As with other cities, the mayor does have veto authority as part of the checks and balances process, although that authority has not been exercised yet.

Setting the agenda for the council meeting is mixed.

In Federal Way, the deputy mayor sets the agenda, but includes the mayor and two council members who chair specific council committees in the discussion.

Interestingly, it is the mayor who has allowed the council to share one of his powers. The awarding of proclamations is a mayoral prerogative that honors worthy individuals and programs. Mayor Priest has continued the old process of council involvement and has them go through a council committee, and all council members sign them. This is a rare approach.

Overall, Federal Way is pretty close to other cities in their application of legislative and executive relationships.

However, in two of the most important areas, appointments to boards and commissions and council staff, the city council has been reluctant to relinquish authority usually held by the mayor.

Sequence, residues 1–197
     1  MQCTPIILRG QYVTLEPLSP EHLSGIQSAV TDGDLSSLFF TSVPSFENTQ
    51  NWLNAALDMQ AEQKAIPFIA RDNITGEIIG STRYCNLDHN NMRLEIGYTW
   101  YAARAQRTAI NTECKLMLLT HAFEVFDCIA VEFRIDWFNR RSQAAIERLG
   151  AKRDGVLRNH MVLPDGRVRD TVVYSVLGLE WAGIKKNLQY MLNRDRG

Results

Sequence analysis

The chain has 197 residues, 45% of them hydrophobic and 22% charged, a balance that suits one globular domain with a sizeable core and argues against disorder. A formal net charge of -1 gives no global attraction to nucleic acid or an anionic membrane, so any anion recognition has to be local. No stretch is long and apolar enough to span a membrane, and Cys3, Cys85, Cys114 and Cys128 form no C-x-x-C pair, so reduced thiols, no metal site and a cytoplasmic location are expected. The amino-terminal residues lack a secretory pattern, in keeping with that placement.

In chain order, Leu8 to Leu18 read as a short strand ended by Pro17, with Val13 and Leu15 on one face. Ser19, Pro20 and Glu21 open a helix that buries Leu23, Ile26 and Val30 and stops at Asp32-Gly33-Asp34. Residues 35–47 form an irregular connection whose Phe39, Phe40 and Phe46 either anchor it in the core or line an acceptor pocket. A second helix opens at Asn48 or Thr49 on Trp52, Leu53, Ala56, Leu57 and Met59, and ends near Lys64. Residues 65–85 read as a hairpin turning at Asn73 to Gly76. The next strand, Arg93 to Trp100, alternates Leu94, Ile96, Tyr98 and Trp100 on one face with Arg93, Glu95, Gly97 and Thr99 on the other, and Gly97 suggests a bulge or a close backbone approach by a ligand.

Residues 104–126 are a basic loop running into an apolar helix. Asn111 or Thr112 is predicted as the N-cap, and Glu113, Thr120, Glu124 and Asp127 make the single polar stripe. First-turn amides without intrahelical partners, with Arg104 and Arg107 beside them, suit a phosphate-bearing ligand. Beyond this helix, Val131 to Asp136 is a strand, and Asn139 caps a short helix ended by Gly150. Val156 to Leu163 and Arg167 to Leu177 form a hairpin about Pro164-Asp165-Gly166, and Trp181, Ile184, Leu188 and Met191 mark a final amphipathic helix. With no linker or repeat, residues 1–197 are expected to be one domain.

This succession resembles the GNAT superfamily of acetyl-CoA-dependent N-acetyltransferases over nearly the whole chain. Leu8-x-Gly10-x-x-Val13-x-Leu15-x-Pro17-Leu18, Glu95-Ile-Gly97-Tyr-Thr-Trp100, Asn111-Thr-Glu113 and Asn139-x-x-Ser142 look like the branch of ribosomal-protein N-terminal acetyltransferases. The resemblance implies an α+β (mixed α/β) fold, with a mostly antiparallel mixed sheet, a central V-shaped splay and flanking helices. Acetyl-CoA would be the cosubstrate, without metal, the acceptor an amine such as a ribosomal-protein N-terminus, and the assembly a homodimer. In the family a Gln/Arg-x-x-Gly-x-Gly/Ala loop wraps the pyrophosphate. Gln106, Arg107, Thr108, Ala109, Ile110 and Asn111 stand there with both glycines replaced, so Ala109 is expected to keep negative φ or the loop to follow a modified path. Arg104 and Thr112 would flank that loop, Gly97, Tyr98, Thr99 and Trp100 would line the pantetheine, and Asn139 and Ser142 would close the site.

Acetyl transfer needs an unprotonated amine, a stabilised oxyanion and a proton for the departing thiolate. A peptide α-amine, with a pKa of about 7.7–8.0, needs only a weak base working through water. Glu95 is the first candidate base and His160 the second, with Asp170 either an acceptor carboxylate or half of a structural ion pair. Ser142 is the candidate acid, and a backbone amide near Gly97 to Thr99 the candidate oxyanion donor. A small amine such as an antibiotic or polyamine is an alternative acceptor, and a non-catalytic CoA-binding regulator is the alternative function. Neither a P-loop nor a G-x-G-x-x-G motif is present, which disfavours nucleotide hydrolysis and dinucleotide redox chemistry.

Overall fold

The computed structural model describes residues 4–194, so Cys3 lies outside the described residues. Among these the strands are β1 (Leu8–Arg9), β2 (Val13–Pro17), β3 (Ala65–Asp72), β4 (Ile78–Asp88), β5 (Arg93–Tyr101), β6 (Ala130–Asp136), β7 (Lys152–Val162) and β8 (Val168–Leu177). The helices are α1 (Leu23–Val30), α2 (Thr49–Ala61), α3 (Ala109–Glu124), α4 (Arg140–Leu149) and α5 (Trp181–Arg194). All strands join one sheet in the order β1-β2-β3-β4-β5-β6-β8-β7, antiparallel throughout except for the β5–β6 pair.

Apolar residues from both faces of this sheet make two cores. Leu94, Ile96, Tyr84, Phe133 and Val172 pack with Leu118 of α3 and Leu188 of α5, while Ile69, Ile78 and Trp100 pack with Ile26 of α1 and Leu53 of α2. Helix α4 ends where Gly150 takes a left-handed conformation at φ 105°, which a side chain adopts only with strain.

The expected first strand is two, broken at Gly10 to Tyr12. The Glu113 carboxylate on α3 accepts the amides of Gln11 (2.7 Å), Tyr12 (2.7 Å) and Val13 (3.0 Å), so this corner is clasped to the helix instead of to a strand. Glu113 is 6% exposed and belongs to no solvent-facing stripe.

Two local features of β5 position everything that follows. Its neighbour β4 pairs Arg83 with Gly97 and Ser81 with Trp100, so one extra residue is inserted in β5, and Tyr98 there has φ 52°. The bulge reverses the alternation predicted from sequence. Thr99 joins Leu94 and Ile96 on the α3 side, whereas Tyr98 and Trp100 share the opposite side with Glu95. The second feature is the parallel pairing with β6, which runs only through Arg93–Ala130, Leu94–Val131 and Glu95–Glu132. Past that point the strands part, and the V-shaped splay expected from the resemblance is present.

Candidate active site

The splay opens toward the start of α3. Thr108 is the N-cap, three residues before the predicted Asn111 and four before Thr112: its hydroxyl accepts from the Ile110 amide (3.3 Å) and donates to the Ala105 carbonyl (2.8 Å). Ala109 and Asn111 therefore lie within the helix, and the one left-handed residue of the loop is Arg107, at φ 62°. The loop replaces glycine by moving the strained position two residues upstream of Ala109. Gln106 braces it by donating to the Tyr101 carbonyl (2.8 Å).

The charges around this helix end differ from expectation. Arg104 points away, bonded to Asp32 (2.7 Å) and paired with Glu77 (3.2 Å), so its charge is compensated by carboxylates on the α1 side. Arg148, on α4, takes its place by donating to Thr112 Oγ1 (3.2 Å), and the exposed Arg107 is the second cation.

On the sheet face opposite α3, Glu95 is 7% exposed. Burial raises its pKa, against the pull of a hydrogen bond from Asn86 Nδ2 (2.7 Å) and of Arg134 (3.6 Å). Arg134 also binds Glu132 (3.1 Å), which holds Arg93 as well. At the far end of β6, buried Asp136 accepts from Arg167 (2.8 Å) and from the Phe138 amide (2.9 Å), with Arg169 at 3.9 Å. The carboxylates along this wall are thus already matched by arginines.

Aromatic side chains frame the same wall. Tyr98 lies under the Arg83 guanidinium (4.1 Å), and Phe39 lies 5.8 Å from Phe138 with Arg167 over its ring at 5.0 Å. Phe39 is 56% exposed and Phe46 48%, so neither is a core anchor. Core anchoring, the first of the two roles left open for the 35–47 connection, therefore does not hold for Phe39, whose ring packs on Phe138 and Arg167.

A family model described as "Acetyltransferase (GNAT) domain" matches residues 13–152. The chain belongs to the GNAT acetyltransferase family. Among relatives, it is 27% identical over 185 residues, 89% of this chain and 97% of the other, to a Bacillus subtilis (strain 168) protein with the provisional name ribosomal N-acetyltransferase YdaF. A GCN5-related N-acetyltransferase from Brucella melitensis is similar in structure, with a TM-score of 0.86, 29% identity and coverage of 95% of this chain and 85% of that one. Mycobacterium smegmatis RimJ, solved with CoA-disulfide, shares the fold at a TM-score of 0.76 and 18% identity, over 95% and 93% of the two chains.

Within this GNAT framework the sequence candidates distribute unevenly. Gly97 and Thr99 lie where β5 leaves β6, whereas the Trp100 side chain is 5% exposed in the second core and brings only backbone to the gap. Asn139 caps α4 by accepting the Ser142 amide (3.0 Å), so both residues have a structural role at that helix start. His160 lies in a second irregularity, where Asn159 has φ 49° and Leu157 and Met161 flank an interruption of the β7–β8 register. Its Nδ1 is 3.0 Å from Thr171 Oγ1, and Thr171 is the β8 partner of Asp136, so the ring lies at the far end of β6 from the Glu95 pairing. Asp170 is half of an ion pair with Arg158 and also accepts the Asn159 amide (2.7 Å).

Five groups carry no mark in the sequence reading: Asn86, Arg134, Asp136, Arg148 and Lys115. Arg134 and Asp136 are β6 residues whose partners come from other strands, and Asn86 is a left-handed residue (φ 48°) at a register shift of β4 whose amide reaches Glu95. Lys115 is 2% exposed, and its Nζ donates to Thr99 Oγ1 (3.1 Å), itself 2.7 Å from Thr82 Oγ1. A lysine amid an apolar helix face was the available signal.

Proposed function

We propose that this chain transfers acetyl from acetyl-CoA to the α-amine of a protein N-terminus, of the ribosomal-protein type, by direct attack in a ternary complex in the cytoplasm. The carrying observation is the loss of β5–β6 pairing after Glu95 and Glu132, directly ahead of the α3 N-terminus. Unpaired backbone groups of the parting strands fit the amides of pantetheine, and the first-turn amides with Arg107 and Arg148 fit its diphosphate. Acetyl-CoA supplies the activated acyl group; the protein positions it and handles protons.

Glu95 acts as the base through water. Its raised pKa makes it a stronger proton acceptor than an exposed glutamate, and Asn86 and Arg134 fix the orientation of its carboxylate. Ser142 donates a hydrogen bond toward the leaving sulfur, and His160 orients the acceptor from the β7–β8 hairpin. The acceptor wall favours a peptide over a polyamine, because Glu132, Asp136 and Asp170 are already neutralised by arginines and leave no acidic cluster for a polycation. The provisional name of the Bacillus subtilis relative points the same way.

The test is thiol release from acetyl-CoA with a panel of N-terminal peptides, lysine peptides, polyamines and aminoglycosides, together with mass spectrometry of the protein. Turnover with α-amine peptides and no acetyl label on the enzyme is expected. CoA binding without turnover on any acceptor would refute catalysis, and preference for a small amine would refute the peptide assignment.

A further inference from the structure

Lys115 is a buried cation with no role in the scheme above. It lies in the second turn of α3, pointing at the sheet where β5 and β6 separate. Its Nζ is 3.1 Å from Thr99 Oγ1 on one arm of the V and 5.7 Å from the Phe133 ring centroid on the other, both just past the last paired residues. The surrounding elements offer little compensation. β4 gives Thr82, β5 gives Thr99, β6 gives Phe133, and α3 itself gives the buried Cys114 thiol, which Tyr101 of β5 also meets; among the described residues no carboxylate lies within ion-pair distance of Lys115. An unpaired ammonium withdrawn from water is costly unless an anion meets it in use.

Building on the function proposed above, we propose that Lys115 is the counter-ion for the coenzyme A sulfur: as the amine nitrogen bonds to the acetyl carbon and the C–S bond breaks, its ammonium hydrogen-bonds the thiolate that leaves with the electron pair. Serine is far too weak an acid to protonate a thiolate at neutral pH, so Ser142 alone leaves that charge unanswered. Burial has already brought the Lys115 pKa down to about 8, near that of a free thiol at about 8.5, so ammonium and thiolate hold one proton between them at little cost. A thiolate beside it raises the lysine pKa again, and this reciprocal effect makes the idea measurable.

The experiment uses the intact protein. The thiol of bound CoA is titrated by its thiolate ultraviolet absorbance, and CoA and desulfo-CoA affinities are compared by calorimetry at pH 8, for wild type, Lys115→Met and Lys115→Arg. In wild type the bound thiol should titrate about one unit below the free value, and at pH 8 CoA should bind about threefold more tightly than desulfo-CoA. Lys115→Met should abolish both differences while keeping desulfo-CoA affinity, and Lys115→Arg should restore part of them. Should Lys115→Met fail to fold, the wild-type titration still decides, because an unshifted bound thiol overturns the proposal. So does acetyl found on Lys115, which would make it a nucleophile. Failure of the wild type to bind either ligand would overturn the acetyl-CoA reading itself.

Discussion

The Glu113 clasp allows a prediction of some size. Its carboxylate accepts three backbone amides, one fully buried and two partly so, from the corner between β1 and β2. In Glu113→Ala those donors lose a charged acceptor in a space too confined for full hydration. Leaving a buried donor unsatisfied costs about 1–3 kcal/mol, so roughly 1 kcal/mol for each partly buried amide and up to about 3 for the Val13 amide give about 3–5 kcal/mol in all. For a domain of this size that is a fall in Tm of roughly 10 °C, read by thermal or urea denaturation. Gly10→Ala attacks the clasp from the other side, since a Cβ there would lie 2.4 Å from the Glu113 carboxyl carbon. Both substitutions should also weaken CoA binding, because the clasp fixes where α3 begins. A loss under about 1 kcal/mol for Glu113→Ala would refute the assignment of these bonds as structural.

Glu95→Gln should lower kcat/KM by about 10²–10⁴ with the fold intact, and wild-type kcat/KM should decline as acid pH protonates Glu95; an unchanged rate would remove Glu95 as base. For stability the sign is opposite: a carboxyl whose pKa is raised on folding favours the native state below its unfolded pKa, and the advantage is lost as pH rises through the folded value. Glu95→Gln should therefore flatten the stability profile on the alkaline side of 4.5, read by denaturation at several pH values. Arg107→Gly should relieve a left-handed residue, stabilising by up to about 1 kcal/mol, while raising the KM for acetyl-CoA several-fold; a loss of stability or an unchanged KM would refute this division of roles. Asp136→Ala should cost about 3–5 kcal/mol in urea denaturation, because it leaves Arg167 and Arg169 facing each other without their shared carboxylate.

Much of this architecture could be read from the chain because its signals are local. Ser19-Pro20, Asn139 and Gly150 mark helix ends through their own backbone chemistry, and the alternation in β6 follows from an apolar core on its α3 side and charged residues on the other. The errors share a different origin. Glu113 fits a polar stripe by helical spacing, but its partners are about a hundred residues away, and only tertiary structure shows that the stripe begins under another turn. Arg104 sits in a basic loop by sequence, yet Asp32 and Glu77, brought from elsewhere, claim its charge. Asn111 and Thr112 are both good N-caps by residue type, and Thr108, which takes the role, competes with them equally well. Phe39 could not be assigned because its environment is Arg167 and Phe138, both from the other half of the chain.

Mayor Priest does not have some of the same powers his fellow mayors have. The fact that we are almost one year into the mayor’s term and these powers haven’t apparently been raised is surprising. In the big picture, these powers are small and usually get raised behind the scenes in the first month a new mayor is in office.

With so many other big problems facing city leaders, are these symbols of power worth a debate, since the council seems reluctant to change? That’s what makes the debate worth having.

Some council members acknowledged they don’t really want to change very much and note the mayor seems comfortable with the systems that were in place when he was mayor previously in the council-manager form of government. And so far, everyone seems to get along.

Did we really change the form of government? Some observers suggest what we may have is a hybrid mixture of the two forms.

Next week, a closer look at policy relationships.